Dollar General has suffered another setback in its attempt to beat back a long-running federal investigation into job screening practices allegedly set up to screen out African American applicants, as a Chicago federal judge ruled the Equal Employment Opportunity Commission didn’t overstep in initiating an enforcement action against the retailer, even after the federal agency pulled the plug on the required pre-enforcement settlement process.
Federal appeals court: ADA accommodation rules don't rule out competition for jobs; SCOTUS could decide
A decision by the U.S. Eleventh Circuit Court of Appeals in Atlanta, Ga., says employers are not required by the Americans with Disabilities Act to surrender the search for the best qualified candidate for a job when considering a disability accommodation job transfer request from a disabled employee.
The U.S. Equal Employment Opportunity Commission has won a settlement on behalf of a former Costco employee who alleged her employer had not done enough to protect her from a customer who allegedly stalked and harassed her while at work. And the decision should serve as a "wake-up call" for employers concerned about stepping on the toes of customers who may make their employees feel unsafe, said a Chicago employment lawyer.
Groupon will need to open its doors and computers to federal workplace discrimination regulators, a federal judge has ruled, saying she did not believe the U.S. Equal Employment Opportunity Commission’s demands to pore over potentially large amounts of documents related to Groupon’s hiring practices were excessive, even though the document request came as part of the EEOC’s investigation of a single allegation of racial hiring discrimination against the company.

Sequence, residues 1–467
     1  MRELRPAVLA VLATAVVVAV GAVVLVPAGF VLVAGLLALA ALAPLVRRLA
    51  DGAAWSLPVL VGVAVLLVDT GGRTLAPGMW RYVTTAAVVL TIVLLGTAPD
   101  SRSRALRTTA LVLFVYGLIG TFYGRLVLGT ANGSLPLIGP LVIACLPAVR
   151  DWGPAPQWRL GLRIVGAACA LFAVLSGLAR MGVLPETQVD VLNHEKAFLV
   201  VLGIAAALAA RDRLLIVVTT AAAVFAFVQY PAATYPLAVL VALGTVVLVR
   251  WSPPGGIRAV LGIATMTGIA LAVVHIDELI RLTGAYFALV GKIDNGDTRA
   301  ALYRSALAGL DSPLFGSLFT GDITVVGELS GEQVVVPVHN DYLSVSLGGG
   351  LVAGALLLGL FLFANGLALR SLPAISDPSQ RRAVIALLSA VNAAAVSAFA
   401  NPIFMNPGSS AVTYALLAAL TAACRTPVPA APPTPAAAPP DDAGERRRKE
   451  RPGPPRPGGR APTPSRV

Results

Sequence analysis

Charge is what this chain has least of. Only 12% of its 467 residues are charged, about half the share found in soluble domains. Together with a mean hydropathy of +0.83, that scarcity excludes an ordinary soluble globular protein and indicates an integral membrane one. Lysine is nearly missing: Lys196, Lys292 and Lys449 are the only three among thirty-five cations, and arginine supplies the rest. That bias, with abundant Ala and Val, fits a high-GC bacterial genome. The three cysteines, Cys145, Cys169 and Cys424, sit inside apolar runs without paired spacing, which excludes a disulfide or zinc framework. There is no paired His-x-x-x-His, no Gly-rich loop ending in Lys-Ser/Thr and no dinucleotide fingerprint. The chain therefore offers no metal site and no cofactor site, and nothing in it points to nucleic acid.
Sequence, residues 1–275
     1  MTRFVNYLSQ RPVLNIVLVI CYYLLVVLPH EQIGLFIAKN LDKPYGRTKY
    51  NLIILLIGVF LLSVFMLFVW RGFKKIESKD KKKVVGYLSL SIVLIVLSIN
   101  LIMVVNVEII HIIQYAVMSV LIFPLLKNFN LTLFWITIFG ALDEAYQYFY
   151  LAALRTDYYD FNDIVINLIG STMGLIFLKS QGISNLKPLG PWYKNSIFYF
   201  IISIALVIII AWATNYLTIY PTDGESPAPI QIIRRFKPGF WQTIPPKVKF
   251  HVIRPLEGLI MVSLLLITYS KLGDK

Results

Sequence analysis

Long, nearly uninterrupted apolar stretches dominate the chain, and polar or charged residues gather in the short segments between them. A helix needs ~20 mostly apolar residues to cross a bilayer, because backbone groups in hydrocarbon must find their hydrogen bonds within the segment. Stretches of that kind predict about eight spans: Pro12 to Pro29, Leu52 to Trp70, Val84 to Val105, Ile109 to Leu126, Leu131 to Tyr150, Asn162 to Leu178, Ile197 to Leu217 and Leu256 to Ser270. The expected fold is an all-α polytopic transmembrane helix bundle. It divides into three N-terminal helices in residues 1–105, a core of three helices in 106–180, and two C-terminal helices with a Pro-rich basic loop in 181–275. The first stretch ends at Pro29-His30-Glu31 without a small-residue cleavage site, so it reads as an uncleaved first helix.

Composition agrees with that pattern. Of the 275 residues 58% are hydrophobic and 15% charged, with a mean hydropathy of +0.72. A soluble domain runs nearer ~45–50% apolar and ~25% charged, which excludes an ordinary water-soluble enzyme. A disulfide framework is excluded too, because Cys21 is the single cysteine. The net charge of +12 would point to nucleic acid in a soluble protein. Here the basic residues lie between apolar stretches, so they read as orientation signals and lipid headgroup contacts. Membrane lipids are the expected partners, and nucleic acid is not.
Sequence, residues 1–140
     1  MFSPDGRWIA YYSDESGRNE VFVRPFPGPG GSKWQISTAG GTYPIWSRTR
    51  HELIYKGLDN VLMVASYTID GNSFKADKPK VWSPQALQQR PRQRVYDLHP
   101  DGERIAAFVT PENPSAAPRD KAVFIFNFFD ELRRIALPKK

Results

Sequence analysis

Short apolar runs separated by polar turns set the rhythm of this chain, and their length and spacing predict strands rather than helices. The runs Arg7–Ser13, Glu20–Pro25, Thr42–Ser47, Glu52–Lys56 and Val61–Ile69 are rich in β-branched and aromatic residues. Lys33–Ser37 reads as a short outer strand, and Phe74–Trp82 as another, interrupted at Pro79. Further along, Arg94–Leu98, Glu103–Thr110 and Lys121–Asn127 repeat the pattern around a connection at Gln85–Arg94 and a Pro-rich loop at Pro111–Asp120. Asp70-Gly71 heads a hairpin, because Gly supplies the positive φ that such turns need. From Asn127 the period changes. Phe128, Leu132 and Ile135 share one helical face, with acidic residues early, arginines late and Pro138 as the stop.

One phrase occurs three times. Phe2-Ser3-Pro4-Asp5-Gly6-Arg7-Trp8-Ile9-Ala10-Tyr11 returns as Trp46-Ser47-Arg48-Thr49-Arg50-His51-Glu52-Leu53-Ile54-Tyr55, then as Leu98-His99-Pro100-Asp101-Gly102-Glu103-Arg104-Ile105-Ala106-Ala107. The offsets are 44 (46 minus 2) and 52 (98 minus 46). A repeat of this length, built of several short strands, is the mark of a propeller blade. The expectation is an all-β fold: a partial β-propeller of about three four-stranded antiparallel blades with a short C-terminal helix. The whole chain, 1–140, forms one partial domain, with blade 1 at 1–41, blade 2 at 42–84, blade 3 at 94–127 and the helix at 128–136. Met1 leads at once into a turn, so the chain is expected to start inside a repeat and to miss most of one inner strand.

The federal Equal Employment Opportunity Commission issued its final Enforcement Guidance on Retaliation and Related Issues late last month, replacing its 1998 Compliance Manual section on retaliation. And employers should take note of the changes, which tighten regulations governing when employees might bring actions.
The federal Equal Employment Opportunity Commission issued regulations last month about what employers can and cannot do to encourage or even require employee participation in employer-sponsored wellness programs, while still complying with the Americans with Disabilities Act (ADA) and the Genetic Information Non-discrimination Act (GINA).But those new rules have come amid pitched legal battles over whether the commission’s interpretation of those law is even correct.
The federal Equal Employment Opportunity Commission has recently added procedures that could force employers to release position statements and non-confidential attachments to those accusing them of wrongdoing - potentially including labor unions - on request. These changes in normal procedure have created a sense of concern for employers, as they contemplate what kinds of information could be disclosed by federal regulators.
Ex-church music director sues Catholic Archdiocese for firing him after announcing same-sex marriage engagement
A gay man who claims he was fired as music director at a northwest suburban Catholic church after publicly announcing his engagement has asked a federal court to order the Chicago Archdiocese to give him his job back, asserting federal, state and Cook County non-discrimination laws and past employment decisions by the Archdiocese trump the Roman Catholic Church’s prerogative under the so-called “ministerial exception” to fire church workers whose same-sex marriages may violate the Catholic churc